The Princess Mayblossom

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The Princess Mayblossom is a French literary fairy tale written by Madame d'Aulnoy in 1697.

Andrew Lang included it in The Red Fairy Book.

Synopsis[edit]

illustration from The Red Fairy Book, 1890.

A king and queen had lost all their children, and were most anxious about a daughter newly born to them. The queen dismissed a hideous woman who put herself forth as a nurse, but every woman she hired was instantly killed. The king realized that the ugly woman was the Fairy Carabosse, who had hated him since he played a prank on her as a child. They tried to christen their daughter in secret, but Carabosse cursed her to be miserable her first twenty years. The last fairy godmother could only promise that her life would be long and happy after those twenty years. The eldest fairy advised that the princess be kept in a tower to minimize the harm.

When her twentieth year had nearly come, the king and queen sent her portrait about to princes. One king sent his ambassador to make an offer for his son. The princess conceived an overwhelming desire to see the ambassador, and her servants, for fear of what she would do, made a hole in the tower that let her see. She instantly fell in love with the ambassador, Fanfarinet. When she met him, she persuaded him to run away with her, and took the king's dagger and the queen's headdress with them. They fled to a desert island.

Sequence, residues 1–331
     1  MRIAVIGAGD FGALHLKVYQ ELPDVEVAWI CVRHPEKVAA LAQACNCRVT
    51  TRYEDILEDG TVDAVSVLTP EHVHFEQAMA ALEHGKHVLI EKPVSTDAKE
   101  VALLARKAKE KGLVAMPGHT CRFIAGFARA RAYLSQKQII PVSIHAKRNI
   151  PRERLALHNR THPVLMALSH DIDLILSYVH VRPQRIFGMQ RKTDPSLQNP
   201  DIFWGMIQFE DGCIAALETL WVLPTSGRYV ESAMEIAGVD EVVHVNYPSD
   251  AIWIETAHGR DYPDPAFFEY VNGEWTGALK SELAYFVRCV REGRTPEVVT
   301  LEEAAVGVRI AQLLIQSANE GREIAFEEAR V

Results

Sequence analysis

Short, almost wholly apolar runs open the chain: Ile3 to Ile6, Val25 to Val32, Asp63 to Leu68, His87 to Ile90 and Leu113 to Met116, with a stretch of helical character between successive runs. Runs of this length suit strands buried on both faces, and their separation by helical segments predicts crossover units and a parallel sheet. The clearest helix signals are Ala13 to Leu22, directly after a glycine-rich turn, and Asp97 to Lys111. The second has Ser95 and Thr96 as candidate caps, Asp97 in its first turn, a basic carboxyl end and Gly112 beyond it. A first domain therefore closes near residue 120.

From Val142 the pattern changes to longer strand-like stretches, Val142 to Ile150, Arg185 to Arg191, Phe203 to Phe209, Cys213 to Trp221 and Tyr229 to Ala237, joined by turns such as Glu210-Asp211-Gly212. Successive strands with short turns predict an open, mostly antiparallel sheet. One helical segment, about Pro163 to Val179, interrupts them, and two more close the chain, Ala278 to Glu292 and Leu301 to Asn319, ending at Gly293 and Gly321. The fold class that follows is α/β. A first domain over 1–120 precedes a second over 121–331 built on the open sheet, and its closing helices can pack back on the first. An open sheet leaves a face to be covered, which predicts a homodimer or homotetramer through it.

The next morning, a chancellor realized how the princess had been looking at the ambassador, the nurses confessed about the hole, and the admiral set out in chase. They identified the man who had rowed them to the island by the gold the princess had given them.

At the island, the ambassador instantly began to complain of hunger and thirst, and when the princess could find nothing, he could find nothing worthwhile in her love. One day, a rose offered her some honeycomb and warned her not to show the ambassador; she did, and he snatched it and ate it all. An oak offered her a pitcher of milk and warned her not to show the ambassador; she did, and he snatched it and drank it all. The princess realized how rashly she had acted. A nightingale offered her sugarplums and tarts, and this time, she ate them herself. When the ambassador tried to threaten her, she used the magical stone in her mother's headdress to make herself invisible.

The admiral sent men to the island. The princess used the magical stone to make the ambassador invisible, and he stabbed so many of them that they had to retreat. But the hungry ambassador tried to kill her, and she killed him. Two fairies fought, and one won and told her that the fairy Carabosse had tried to claim her because she left the tower four days before the twenty years were up, but she was defeated. She is brought back to court, and the prince proved to be so much finer than his ambassador that she lived happily with him.

External links[edit]